Identity Politics and the East China Sea: China as Japan's 'Other'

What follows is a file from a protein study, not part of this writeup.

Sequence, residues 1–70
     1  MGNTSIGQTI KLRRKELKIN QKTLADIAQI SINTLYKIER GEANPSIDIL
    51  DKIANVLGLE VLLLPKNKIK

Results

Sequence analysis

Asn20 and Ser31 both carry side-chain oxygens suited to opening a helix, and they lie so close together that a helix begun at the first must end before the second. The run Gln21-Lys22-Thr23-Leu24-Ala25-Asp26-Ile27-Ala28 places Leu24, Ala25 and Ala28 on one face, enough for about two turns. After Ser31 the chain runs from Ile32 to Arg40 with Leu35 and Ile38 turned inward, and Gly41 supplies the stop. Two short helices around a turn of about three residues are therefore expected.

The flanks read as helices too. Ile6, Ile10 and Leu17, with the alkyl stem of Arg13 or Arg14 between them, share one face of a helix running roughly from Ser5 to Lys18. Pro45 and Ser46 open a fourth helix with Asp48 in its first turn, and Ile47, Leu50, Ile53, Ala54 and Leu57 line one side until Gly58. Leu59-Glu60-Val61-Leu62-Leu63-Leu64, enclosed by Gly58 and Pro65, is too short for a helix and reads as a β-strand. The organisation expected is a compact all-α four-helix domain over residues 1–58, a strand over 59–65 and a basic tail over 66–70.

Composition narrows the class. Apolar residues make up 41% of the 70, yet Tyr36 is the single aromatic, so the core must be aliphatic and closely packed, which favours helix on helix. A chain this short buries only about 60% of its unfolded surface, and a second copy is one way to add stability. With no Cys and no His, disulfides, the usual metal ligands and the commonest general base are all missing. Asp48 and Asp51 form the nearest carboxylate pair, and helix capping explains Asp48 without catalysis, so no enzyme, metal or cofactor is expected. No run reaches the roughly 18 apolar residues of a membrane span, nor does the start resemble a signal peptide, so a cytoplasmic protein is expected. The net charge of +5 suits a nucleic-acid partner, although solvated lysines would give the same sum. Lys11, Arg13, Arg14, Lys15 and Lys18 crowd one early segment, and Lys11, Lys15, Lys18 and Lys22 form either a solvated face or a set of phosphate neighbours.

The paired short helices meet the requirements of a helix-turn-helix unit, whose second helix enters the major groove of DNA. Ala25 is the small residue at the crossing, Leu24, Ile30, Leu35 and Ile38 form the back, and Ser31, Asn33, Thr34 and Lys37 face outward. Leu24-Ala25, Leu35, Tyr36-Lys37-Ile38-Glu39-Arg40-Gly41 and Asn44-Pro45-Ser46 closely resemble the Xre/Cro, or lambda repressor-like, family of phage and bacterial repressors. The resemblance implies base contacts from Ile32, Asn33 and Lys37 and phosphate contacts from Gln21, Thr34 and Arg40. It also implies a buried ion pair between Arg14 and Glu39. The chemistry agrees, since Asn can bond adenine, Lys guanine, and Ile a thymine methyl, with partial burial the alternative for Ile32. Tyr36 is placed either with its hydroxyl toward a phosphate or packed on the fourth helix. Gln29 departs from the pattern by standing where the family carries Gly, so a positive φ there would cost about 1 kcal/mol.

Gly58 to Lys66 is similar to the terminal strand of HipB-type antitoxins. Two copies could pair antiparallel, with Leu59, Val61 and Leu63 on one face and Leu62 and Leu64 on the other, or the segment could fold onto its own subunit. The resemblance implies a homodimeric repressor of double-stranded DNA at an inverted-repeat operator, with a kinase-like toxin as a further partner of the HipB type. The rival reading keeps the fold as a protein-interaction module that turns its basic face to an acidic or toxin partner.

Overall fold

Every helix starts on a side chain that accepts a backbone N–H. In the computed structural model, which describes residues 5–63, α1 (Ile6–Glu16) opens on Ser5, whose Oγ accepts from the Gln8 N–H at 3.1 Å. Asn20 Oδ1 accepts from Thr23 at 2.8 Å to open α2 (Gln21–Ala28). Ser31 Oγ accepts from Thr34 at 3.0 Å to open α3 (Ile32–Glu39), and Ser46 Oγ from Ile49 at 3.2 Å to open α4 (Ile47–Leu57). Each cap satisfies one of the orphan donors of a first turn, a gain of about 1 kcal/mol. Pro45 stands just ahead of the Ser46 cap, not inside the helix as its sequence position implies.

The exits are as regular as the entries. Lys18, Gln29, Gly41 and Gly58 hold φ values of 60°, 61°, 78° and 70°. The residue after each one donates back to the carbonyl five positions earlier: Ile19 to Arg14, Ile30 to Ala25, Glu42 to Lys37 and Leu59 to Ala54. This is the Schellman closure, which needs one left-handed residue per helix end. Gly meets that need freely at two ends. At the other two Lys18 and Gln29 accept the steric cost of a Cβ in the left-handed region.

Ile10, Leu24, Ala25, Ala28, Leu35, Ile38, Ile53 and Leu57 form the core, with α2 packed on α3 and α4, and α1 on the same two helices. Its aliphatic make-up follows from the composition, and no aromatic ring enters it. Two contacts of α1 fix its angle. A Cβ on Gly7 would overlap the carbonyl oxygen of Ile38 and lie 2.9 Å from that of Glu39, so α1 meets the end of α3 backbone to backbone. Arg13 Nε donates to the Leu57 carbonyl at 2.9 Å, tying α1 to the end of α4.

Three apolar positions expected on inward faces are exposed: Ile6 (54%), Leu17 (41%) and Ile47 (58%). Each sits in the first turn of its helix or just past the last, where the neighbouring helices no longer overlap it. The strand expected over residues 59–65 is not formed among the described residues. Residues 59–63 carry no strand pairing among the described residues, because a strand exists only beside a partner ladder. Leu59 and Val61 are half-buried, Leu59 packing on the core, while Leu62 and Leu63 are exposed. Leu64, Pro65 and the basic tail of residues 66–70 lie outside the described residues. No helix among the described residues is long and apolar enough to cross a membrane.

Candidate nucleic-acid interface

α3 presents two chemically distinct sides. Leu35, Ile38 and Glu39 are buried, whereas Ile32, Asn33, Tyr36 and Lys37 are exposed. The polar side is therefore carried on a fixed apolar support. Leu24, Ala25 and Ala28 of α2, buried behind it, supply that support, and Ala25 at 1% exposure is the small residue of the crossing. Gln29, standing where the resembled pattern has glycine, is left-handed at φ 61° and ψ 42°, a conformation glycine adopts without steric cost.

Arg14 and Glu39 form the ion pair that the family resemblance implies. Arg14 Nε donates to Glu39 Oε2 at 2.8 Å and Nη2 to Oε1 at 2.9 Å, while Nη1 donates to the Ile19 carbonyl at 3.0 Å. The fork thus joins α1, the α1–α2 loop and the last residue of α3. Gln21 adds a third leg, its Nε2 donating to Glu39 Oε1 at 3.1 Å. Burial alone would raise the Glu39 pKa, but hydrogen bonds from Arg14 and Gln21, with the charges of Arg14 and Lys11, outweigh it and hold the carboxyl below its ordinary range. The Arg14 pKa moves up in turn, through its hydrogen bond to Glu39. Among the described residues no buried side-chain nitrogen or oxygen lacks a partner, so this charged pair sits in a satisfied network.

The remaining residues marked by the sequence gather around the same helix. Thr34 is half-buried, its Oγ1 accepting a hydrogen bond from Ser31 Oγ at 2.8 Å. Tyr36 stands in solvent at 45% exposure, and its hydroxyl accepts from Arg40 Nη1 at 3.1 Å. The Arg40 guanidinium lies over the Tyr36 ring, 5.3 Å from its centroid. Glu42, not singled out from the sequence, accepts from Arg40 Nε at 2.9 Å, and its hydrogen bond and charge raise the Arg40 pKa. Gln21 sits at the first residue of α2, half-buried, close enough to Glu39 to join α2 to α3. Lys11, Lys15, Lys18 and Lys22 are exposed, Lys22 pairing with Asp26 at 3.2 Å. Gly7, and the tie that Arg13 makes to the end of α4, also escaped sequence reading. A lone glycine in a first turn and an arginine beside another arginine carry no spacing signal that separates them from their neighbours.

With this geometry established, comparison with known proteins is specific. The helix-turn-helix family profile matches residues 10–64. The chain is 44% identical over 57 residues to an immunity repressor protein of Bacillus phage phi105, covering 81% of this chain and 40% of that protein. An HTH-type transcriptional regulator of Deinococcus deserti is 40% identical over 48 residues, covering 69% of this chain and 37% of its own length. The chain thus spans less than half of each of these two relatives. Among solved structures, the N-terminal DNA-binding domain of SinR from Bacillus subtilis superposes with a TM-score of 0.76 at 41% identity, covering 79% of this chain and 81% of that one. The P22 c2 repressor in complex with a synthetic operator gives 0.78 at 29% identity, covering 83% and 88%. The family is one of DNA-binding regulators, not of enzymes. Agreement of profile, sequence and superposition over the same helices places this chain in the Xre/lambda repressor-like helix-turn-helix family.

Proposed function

This article contributes to the relational IR literature on identity politics and Sino-Japanese relations. Theoretically, we develop Rumelili's 2004 framework for studying modes of differentiation by incorporating the sectoral characteristics of key discourse signs. Empirically, we apply this framework to the construction of Self and Other in the official Japanese security discourse regarding the Senkaku Islands dispute from 2010–2014, a period of dispute climax that is meaningful for studying the (re)production of Japan's understanding of China. The inclusiveness of the discourse signs that Japan uses to construct China possibly opens up for a positive evolution of Sino-Japanese relations, as there is space for progress if China's behavior—and Japan's interpretation of it—proves to be more peaceful, transparent, and law-abiding. The findings also suggest, however, that the strong sense of superiority in Japan (and China) vis-à-vis a subordinate Other may not bode well for Sino-Japanese relations.